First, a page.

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Code to Tackle Workplace Bullies

A code of practice to address the issue of bullying in the workplace is being drafted by Safe Work Australia. The code will include a section on violence in the workplace.

The code will form part of the model Work Health and Safety (WHS) laws and will be admissible in court proceedings under the WHS Act and WHS Regulations.

This is a significant step in the fight to eradicate the impact of workplace bullying that affects victims and their families, as well as the Australian economy. In 2010 the Productivity Commission reported that the cost to the Australian economy of bullying and harassment ranged from “$6 billion to $36 billion a year.”

Maurice Blackman’s Josh Bornstein has called on the federal government to immediately address the “impotence of the law in dealing with bullying” by introducing national legislation to make workplace bullying illegal and give victims quicker access to the legal system. “The existing legal options for victims of workplace bullying are too slow, impractical and reactive”, he says.

Federal Workplace Relations Minister Chris Evans in responding to a petition lodged with the government’s Standing Committee on Petitions, conceded that the issue is “not specifically addressed” but that the Australian Government considers “workplace bullying and a workplace culture that allows harassment and bullying to occur” as unacceptable.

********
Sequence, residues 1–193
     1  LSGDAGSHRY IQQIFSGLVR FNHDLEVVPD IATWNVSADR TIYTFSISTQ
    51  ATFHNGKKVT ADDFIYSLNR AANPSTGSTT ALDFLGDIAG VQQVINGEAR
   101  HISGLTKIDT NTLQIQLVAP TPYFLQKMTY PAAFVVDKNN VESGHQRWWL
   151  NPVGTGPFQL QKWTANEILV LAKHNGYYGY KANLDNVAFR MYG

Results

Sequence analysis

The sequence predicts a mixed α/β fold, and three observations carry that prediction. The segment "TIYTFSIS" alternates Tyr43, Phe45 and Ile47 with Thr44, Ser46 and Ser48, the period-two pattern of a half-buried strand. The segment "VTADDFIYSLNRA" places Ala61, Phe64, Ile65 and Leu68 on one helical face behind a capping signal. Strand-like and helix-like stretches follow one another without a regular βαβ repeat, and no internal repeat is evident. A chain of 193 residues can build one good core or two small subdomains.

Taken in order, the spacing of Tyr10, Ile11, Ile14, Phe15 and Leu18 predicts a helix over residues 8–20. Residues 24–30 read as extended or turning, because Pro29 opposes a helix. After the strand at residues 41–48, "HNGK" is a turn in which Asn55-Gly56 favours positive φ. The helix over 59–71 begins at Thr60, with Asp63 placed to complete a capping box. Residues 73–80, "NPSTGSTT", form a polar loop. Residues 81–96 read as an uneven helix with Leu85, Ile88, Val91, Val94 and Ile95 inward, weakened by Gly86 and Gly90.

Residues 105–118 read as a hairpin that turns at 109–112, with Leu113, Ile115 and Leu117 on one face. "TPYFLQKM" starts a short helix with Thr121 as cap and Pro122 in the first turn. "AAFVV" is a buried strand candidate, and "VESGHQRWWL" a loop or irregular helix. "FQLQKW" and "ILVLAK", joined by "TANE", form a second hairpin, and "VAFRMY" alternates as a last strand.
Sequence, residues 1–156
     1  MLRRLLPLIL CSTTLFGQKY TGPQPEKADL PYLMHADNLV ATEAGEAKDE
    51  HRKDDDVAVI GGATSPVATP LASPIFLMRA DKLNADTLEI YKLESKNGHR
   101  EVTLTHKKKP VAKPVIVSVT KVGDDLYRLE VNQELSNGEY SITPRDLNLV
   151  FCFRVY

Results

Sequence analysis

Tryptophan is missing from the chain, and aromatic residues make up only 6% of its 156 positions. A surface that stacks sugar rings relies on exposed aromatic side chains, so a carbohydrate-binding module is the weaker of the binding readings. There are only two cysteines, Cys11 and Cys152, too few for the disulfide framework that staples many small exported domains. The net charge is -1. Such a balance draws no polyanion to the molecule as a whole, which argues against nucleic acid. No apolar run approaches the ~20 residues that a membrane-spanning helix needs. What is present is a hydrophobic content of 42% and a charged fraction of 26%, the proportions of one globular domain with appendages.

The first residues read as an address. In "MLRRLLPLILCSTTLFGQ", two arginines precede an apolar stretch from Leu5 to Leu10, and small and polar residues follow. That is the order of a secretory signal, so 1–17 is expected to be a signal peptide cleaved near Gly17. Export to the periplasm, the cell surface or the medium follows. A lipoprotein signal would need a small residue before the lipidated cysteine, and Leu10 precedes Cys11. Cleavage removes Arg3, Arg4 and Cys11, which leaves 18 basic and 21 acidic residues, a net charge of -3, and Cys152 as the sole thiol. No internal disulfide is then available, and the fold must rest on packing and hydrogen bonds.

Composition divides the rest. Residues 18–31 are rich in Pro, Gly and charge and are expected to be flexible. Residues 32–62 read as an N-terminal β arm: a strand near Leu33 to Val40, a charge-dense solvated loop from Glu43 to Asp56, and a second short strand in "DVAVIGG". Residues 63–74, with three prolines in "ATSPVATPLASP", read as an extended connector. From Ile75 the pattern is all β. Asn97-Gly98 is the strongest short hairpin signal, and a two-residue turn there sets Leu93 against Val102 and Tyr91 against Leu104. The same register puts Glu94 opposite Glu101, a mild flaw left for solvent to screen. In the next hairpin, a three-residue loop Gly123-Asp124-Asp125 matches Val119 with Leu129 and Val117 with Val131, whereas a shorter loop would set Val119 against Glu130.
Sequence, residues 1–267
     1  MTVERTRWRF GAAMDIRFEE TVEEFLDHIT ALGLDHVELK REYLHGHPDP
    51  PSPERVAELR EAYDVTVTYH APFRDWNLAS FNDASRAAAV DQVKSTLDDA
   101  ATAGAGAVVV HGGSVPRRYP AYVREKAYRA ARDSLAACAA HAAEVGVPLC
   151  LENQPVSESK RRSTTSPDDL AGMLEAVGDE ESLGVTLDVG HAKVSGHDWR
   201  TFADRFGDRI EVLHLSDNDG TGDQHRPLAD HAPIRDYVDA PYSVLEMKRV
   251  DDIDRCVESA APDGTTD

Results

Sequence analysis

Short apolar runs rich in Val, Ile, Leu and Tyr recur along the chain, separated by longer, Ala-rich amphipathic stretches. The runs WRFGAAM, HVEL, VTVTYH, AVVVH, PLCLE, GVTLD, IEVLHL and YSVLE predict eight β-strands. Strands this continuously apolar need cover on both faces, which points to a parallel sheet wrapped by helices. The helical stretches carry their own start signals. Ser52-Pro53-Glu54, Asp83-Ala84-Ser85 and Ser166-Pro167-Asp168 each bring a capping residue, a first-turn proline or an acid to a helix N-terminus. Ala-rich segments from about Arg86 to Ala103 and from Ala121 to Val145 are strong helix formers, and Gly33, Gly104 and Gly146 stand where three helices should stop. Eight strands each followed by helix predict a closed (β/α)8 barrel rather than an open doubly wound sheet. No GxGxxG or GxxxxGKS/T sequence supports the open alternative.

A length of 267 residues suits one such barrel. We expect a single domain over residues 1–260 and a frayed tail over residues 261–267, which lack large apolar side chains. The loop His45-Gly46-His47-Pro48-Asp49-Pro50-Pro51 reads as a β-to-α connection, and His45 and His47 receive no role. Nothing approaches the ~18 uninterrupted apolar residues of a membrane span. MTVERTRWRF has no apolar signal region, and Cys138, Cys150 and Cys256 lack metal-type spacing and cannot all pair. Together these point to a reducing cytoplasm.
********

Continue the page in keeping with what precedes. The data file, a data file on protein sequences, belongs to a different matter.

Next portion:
Under Australian law victims of workplace bullying have recourse to occupational health and safety laws by virtue of the duty imposed on employers to provide employees with a safe workplace. However, this does not provide “practical means for employees to expose their work environment to external scrutiny in a court or tribunal”, said Mr Bornstein. A prosecution of an employer may follow from a finding that a breach of occupational health and safety laws has occurred.

As was the case in the prosecution which followed the suicide of Brodie Panlock, whereby convictions and fines were handed down to the employer and perpetrators — nearly four years after her death. Shortly after the prosecution Victoria introduced what has been referred to as “Brodie’s Law” which saw its criminal stalking laws expanded. According to Mr Bornstein “Although this initiative is perhaps symbolically important, I can safely predict it will have no impact on at least 95 per cent of genuine cases.”

Mr Bornstein indicated that “the usual means of redress for employees suffering workplace bullying is workers’ compensation”, whereby the victims, who in some cases are too damaged to return to work, face years of workers compensation or social security payments.

As the law currently stands: “workplace bullying is not illegal”, said Mr Bornstein.

Contact Carolyn Hagedoorn for more information on business law.

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